use  --with-firewall-zone / --without-firewalld-zone explicitly in
the RPM specs. We know exactly which Fedora / RHEL versions need
this in so can avoid installing it where we know if isn't wanted.

> 3) I actually *want* the bug reported to distro maintainers, to push them to
> update their firewalld sooner rather than later.

If we install it based on version where nftables supprot was first
introduced in firewalld, rather than when it was fixed, we would
still get useful bug reports without spamming people with errors on
distros where nftables isn't even supported by firewalld.

> So here's an idea - how about if we do this:
> 
> 
> Once when libvirtd is started:
> 
>   retrieve a list of zones and check for presence of the libvirt zone. Save
> this somewhere.
> 
> Each time a network is started:
> 
> if (libvirt zone doesn't exist) {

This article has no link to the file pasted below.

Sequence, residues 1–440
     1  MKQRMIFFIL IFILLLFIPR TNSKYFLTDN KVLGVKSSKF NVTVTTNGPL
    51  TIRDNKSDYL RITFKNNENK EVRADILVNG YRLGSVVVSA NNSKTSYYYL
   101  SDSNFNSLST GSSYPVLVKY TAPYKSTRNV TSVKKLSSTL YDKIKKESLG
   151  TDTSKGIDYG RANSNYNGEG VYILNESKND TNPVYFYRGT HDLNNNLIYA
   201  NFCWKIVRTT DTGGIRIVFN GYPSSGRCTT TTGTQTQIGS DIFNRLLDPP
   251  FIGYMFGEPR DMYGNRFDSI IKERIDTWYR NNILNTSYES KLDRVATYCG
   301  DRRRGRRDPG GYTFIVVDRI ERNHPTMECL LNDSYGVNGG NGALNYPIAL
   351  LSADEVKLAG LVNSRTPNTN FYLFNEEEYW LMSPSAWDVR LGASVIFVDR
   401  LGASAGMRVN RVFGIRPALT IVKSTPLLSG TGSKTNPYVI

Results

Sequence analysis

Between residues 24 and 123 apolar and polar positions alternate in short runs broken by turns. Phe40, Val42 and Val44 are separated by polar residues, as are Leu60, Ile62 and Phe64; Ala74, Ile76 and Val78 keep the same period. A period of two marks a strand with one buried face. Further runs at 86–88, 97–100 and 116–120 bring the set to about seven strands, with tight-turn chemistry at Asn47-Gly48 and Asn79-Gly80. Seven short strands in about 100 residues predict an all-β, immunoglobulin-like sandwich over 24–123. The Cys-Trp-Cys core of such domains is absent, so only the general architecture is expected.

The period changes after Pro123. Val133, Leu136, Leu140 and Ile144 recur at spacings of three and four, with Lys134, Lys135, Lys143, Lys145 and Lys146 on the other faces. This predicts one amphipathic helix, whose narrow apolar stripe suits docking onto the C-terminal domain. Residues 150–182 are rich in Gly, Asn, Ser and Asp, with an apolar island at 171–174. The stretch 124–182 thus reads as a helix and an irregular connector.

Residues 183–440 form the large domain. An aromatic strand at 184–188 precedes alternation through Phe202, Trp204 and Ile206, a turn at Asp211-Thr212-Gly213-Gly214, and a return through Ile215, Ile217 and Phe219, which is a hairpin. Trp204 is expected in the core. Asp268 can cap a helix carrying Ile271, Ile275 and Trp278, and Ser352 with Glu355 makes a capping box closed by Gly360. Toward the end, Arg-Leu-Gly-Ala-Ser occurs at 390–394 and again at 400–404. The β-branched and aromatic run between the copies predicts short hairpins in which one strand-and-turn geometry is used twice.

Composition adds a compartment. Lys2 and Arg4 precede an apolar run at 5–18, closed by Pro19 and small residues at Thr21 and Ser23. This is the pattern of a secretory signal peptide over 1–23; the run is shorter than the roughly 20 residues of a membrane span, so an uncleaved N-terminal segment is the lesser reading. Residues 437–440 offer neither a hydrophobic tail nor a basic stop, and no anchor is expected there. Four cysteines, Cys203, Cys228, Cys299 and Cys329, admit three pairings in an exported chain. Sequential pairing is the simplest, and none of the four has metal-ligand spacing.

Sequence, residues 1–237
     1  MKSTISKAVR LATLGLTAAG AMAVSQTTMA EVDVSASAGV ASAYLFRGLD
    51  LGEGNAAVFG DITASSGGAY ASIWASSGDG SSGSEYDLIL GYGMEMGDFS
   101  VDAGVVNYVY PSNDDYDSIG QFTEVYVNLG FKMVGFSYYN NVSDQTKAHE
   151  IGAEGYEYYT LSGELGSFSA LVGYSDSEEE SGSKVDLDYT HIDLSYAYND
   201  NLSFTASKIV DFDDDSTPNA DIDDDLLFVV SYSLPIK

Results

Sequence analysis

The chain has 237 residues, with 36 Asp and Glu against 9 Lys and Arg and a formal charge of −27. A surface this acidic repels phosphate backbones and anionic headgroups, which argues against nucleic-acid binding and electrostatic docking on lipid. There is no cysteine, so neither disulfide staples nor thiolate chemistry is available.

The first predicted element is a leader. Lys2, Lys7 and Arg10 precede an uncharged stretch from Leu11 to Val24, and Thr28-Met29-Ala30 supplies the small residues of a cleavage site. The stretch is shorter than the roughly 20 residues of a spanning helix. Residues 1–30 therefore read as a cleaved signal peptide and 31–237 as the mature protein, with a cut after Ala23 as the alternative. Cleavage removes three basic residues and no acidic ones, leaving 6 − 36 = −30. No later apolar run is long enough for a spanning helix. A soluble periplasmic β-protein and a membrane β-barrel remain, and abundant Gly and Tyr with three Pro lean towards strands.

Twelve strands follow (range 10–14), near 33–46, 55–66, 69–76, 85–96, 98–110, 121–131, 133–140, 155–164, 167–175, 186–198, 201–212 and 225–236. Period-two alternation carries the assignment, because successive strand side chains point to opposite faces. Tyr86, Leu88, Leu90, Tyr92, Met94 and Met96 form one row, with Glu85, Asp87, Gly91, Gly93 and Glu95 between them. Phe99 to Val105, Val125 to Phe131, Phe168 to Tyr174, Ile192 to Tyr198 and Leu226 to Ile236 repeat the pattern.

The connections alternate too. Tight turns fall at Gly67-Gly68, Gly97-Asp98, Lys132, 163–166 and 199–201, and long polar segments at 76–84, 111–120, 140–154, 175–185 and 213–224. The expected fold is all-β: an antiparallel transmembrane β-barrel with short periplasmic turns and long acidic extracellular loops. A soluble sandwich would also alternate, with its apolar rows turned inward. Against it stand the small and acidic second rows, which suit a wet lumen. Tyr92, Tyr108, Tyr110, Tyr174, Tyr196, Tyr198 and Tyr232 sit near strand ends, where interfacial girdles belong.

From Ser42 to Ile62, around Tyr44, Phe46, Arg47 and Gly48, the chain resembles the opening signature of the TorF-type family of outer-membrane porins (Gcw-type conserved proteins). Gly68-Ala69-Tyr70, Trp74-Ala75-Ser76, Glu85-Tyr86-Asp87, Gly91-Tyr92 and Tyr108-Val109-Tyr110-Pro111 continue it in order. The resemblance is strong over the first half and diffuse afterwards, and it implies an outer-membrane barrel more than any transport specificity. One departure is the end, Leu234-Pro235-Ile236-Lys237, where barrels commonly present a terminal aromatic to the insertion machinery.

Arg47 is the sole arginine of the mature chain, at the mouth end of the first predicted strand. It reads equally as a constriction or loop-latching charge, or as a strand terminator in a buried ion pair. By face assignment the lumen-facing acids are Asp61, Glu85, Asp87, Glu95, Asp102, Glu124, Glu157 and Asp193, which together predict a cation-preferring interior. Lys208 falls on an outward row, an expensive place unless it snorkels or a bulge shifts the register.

> 
>     if (firewalldbackend == nftables) {
> 
>        Error "Hey you!! Change the firewalld backend to nftables or update
> firewalld!!"
> 
>     }
> 
> } else {
> 
>     put the bridge in the libvirt zone (regardless of nftables/iptables)
> 
> }

That doesn't solve the issue with installing an invalid zone
file for older firewalld which could generate syslog errors
on firewalld startup.

> (in the meantime, we haven't relied on version number checks, and a system
> with old firewalld can still build a libvirt that supports new firewalld)

As above I don't think we need to rely on version numbers for te compile
time check, as long as we provide the --with/--without flags to let the
distro vendors override it.


Regards,
Daniel